Halving And Doubling Recipes

Decorating By shal1234 Updated 24 Jan 2009 , 3:59pm by leahk

shal1234 Posted 23 Jan 2009 , 9:02am
post #1 of 10

Can anyone tell me, Generally is it a good idea to halve cake recipes or does it mess up with the science?

9 replies
mclaren Posted 23 Jan 2009 , 9:22am
post #2 of 10

i've done it a many times (halving / doubling / tripling / qudrapling (is this a word?) ), successfully.

JessDesserts Posted 23 Jan 2009 , 10:11am
post #3 of 10

Hi Shal!

I do it all the time. It is never a problem to 1/2 a recipe, or double it, or even quardruple ( yes, its a word thumbs_up.gif ) a recipe. Some of the best recipes I've received recently are from pro bakers here on CC. Since they are professionals, they bake in larger batches then I do at home.

Little hint: Since I am horrible at math, sometimes I have trouble with things like figuring out what 1/2 of a 1/3 of a cup is.

I found if you go to 'ask {dot} com' and just type in what you want in question form---for example "what is 1/2 of 1/3 of a cup?" it brings up the answer and a slew of conversion tables.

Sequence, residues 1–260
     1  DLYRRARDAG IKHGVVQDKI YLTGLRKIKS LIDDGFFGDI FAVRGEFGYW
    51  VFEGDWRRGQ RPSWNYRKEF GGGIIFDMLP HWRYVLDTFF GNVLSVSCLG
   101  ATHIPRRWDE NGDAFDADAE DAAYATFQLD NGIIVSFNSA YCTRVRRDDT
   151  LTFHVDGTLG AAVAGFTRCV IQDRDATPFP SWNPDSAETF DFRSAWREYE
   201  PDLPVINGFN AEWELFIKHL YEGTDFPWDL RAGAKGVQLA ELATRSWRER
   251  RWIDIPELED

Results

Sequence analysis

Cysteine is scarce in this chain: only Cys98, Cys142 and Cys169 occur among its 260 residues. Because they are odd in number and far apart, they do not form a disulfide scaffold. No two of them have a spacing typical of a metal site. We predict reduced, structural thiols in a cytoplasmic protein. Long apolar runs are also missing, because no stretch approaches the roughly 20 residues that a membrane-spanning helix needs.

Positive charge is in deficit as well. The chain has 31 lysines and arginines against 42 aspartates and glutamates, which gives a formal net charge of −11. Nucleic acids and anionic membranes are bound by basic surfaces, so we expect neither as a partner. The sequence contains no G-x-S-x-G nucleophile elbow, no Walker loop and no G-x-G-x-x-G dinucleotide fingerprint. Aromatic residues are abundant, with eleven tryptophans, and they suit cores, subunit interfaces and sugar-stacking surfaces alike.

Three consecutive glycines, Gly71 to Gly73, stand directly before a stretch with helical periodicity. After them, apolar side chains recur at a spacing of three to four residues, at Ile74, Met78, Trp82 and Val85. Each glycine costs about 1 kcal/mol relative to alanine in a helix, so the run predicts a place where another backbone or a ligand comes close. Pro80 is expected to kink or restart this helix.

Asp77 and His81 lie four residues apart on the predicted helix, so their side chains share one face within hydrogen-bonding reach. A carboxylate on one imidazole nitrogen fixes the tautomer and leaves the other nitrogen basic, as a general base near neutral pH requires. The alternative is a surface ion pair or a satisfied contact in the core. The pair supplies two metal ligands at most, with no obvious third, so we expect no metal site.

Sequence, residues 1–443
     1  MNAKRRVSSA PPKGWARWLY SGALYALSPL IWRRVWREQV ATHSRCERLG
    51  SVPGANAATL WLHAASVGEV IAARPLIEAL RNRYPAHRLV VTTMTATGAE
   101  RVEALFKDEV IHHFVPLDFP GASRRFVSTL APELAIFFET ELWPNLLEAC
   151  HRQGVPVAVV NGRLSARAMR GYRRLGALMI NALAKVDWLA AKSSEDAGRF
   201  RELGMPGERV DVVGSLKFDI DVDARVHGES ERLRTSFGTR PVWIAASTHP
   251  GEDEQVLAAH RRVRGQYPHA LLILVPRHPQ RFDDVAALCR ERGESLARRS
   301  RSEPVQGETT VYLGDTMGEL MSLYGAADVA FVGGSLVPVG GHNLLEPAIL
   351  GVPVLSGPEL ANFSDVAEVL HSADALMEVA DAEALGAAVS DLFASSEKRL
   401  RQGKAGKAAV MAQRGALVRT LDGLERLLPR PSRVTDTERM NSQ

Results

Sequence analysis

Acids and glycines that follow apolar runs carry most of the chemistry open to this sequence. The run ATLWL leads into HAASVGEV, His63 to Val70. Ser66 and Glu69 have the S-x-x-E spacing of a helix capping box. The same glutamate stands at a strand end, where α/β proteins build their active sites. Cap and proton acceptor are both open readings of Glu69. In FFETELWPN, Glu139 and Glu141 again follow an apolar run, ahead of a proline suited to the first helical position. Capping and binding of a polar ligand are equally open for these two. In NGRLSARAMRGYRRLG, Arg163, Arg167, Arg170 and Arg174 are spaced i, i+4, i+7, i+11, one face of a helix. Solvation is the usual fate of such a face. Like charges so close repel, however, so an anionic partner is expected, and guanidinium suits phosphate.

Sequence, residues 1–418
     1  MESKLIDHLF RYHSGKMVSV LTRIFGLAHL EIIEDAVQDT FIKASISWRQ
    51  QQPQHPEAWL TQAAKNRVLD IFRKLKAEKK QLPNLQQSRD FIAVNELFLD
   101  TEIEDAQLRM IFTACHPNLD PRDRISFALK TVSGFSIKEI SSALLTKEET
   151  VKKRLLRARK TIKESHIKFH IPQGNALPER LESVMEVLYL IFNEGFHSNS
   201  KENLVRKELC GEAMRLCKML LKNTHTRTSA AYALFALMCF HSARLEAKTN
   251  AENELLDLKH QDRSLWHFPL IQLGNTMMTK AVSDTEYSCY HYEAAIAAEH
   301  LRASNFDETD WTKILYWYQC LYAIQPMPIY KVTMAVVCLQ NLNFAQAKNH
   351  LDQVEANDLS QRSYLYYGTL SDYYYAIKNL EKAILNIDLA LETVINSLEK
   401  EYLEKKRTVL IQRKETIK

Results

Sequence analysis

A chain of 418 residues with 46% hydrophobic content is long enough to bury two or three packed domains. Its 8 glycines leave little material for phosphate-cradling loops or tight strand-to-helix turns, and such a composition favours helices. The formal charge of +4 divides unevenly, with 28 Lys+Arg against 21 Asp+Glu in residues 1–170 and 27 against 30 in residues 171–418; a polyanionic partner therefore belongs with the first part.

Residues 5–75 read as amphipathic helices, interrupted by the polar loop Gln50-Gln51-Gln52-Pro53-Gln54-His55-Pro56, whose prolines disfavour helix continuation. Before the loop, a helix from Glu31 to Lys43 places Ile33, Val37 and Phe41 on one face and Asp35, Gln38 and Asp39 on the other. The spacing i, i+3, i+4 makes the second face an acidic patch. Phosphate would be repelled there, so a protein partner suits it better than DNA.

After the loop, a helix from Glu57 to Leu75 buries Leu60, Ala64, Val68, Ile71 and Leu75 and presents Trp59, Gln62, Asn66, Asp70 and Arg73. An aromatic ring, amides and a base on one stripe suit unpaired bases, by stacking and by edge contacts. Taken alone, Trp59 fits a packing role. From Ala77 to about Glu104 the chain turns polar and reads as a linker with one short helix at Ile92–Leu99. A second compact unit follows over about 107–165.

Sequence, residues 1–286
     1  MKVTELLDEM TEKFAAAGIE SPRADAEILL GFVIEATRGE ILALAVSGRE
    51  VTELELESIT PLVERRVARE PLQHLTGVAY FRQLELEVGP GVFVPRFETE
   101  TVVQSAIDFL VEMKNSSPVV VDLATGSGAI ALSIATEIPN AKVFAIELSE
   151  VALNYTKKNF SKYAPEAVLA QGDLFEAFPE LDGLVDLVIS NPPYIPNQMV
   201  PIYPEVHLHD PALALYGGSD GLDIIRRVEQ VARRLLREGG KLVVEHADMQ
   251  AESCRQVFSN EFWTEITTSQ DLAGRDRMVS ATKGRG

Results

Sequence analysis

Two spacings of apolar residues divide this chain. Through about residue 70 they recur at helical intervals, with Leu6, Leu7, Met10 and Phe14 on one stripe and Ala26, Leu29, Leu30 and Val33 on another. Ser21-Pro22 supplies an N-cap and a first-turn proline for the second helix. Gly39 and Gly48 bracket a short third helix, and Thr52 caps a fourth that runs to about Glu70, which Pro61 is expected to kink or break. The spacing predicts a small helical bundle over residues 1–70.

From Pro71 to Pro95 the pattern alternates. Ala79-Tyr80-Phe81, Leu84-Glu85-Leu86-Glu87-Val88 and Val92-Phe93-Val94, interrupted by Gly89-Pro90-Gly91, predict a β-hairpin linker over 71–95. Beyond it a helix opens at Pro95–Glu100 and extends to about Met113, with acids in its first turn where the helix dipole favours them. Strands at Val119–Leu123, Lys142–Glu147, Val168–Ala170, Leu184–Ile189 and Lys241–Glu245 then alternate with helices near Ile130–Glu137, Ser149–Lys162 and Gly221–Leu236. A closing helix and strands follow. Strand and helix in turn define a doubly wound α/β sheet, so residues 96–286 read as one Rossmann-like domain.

leahk Posted 23 Jan 2009 , 10:20am
post #4 of 10

I halve and double recipes all the time!
What do you all do when a recipe calls for 5 eggs, and you only want half?

jammjenks Posted 23 Jan 2009 , 4:13pm
post #5 of 10
Originally Posted by leahk

I halve and double recipes all the time!
What do you all do when a recipe calls for 5 eggs, and you only want half?

If you need half of an odd number of eggs, you can mix them up really good in a measuring cup and use 1/2 of what it measures to. I don't know of any other way.

JessDesserts Posted 23 Jan 2009 , 4:57pm
post #6 of 10

if you need 1/2 of 5 eggs, id put one in a cup and whisk it with a fork and use 1/2 the liquid.

Maybe theres a more 'professional' method, but thats what I have done.



brincess_b Posted 23 Jan 2009 , 5:06pm
post #7 of 10

to get 2.5 eggs, id add the two beaten, and half of the '3rd' beaten egg. or, if im being lazy, id add milk to make up the egg!
i always changes the size of a recipie, sometimes you just need to watch thecooking time if it means you are using a different pan.

shal1234 Posted 24 Jan 2009 , 5:06am
post #8 of 10

Great thanks!

dandelion56602 Posted 24 Jan 2009 , 6:20am
post #9 of 10

For the egg I usually weigh the egg & take 1/2 of it. One lg egg on most occasions weighs aprx 2 oz or around 48-50 g.

leahk Posted 24 Jan 2009 , 3:59pm
post #10 of 10

thanks everyone for the tips!

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